India’s economy is stuck a short distance from escape velocity

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Official statisticians of India mentioned 13.5% growth in the April-June quarter of this year. This means that the country ranked first as the fastest growing large economy in the world – and by the way, it replaced Great Britain as the fifth largest economy in the world.

Unfortunately, this is where the good news about India’s growth prospects ends. Those GDP numbers were actually disappointing, given that the same quarter last year saw India shut down amid the devastating delta-driven Covid wave. A Bloomberg survey of economists forecast growth of more than 15%.

Over the past three years, in fact, India’s GDP has grown by just over 3% – and less than 4% since the last quarter before the pandemic. This fiscal year – which will end in March 2023 – is unlikely to break any records- most now expect real growth to happen not up to 7% Even from a low base.

If you are looking for reasons to be optimistic, you can find them. For example, capacity utilization in Indian manufacturing recently reached 75%, its highest level in nearly a decade.

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Some economists hope this means that the problem that has plagued India’s macro economy for the past decade – meager private sector investment – will cease to be a constraint on growth.

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Until now investment The numbers as a percentage of inflation-adjusted GDP are still below average, 2.5 percentage points lower than they were before the pandemic.

Some Indian officials believe that the return of investment and high growth is only a matter of time, and that positive policy changes over the past few years – from indirect tax reform to new industrial policies focused on domestic manufacturing – will pay off in the medium term.

But we’ve heard this line many times before.

If India hopes to return to the path of high growth, India simply cannot succumb to complacency. There is still something important missing in the country’s policy mix- a proper understanding of what investors really need.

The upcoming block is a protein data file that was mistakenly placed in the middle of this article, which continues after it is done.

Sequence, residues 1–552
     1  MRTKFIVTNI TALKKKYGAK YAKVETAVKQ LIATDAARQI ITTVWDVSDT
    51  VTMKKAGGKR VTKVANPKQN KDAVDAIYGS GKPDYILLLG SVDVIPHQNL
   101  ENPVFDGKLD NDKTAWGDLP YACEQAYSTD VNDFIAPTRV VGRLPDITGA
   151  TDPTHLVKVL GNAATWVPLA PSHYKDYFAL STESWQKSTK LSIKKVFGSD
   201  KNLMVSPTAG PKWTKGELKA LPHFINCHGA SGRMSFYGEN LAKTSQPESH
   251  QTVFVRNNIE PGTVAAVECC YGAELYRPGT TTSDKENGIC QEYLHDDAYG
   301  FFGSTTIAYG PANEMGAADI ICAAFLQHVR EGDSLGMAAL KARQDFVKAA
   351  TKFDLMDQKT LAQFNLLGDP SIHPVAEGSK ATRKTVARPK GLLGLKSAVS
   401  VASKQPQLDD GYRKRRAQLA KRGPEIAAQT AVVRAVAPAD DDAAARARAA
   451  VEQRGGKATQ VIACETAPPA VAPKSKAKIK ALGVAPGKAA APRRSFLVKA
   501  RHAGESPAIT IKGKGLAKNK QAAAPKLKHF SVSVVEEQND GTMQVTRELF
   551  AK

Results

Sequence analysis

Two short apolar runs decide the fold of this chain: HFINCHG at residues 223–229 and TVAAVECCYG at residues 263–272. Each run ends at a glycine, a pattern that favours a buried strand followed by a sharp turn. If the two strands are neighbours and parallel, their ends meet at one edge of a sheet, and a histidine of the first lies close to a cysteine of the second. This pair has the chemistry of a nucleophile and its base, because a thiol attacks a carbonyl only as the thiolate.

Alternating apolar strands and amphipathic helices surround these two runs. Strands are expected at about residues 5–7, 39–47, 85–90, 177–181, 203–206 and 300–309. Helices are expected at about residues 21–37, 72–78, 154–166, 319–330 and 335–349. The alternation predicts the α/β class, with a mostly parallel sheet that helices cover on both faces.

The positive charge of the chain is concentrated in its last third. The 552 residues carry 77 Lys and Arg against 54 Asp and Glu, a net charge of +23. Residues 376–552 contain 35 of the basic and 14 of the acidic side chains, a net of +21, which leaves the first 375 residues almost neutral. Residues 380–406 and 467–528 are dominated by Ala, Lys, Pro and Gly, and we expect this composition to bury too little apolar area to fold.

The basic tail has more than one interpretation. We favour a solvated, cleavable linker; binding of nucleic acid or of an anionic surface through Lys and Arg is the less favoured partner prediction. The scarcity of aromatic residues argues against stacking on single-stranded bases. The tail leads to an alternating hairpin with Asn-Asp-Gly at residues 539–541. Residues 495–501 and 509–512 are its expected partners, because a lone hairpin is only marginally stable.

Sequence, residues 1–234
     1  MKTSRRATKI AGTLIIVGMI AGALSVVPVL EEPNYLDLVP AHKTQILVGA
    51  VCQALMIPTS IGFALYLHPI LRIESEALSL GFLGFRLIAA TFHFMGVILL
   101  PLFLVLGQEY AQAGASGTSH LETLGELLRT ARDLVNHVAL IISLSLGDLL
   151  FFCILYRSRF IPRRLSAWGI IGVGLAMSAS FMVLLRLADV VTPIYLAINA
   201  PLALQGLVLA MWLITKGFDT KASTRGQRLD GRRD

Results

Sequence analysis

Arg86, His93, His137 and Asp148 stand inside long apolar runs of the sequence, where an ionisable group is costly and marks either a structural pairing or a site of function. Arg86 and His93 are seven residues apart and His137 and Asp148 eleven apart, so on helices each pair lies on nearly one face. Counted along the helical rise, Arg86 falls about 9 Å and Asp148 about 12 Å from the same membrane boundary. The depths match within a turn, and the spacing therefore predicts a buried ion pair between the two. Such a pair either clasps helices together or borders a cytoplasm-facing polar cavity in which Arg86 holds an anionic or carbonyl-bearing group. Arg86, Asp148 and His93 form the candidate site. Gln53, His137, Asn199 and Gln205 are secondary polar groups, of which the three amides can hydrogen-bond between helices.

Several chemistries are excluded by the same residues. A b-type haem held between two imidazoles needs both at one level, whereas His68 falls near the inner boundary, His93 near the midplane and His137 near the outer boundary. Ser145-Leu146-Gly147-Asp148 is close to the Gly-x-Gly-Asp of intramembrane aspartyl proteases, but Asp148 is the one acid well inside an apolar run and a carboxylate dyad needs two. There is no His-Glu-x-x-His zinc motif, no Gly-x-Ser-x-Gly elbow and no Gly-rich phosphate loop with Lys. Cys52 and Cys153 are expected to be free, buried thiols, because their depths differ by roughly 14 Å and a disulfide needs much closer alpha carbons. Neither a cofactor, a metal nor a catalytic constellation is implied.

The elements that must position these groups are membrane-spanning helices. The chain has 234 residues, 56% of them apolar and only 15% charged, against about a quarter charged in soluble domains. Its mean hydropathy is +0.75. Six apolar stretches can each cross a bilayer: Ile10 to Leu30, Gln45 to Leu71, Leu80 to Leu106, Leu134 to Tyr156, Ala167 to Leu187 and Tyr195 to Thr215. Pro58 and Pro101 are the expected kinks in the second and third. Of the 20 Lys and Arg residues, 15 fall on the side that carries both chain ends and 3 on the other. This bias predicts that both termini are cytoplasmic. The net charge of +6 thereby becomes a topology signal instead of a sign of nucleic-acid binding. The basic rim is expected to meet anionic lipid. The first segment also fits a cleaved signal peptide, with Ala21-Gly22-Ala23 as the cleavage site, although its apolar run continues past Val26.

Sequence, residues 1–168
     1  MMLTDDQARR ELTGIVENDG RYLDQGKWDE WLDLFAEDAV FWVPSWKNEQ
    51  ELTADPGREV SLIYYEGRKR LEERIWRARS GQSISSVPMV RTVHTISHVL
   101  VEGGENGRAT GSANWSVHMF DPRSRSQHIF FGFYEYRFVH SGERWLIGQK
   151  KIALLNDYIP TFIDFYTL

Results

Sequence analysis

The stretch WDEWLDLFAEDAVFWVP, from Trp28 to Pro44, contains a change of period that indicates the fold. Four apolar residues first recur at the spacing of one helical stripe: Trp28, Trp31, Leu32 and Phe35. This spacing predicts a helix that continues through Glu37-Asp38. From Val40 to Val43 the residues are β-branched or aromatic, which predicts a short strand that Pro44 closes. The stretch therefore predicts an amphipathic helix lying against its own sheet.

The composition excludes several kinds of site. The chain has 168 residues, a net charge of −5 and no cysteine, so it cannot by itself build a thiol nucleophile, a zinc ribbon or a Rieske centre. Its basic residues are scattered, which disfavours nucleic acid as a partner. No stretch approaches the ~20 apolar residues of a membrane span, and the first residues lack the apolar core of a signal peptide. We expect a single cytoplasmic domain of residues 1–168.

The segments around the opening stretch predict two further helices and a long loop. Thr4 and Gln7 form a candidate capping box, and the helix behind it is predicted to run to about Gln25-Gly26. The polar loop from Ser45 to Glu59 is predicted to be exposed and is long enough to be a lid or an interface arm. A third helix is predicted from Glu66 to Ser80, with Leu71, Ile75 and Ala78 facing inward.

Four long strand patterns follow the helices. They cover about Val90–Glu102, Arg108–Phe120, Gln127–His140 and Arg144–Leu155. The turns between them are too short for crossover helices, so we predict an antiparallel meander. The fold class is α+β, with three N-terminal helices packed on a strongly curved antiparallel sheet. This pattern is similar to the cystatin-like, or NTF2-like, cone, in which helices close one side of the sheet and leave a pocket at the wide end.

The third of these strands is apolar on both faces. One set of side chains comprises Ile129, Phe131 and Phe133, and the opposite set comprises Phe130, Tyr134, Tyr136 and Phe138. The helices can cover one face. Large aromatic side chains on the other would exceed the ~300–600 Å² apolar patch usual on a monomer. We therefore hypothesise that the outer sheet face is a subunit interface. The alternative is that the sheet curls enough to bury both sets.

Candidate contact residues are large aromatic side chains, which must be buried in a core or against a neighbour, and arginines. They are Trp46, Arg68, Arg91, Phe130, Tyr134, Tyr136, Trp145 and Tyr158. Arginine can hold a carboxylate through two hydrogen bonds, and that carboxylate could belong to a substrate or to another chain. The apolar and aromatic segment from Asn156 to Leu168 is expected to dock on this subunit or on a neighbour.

In a world where interest rates are rising and risk sentimentThere are still enough investable projects available in India with the right risk and return profile.

A lot of capital continues to flow into India but mainly from sources of risk taking such as private equity, or towards companies believed to be able to manage political risks such as Adani Enterprises Ltd.

Companies that support job growth and broader economic growth — small businesses or those in the infrastructure sector, for example — don’t get the same amount of attention.

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Even global portfolio investors have noticed that, Over the past ten yearsIndian stocks have not had better returns than the more transparent US market.

Expanding the Indian private sector’s access to capital by reducing environmental risks should be the government’s first priority in the future.

This requires the implementation of well-understood reforms that have been advocated for years, but turned against the background compared to high-profile subsidies and interventionist policies.

Administrative and judicial reforms, for example, are long overdue. Conflict resolution in India remains a nightmare.

According to the World Bank’s Ease of Doing Business 2020 report, India ranked 163rd in the world in contract execution. it takes modified 1445 days to resolve commercial disputes through the court system.

The World Bank has since stopped publishing its independent assessments of the business climate, and the Indian government insists those numbers have since improved.

But investors in India still have a well-founded fear of going to court. Even the high-profile government bankruptcy process has slowed to a crawl, with the National Corporate Law Court say Last month, it said it would only consider “urgent” cases because 30 of the 63 court deadlines remain vacant.

One way to compensate for the lack of judicial and administrative reforms is to make more room for arbitration, including international arbitration.

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But India has turned in the opposite direction over the past decade, unilaterally breaking out of bilateral investment treaties and moving to strengthen the primacy of domestic courts. Those policies were shortsighted and should be reversed.

The global mood has changed. India needs to show investors not only that they can make good returns in the country but that their money is safe here.

This requires a very different set of reforms than the government has been comfortable with so far.

Unless policy makers set out to change the public risk profile of investment in India, there is little chance that private investment will reach the levels needed for sustainable and transformative high growth.

(Except for the headline, this story has not been edited by the NDTV crew and is published from a syndicated feed.)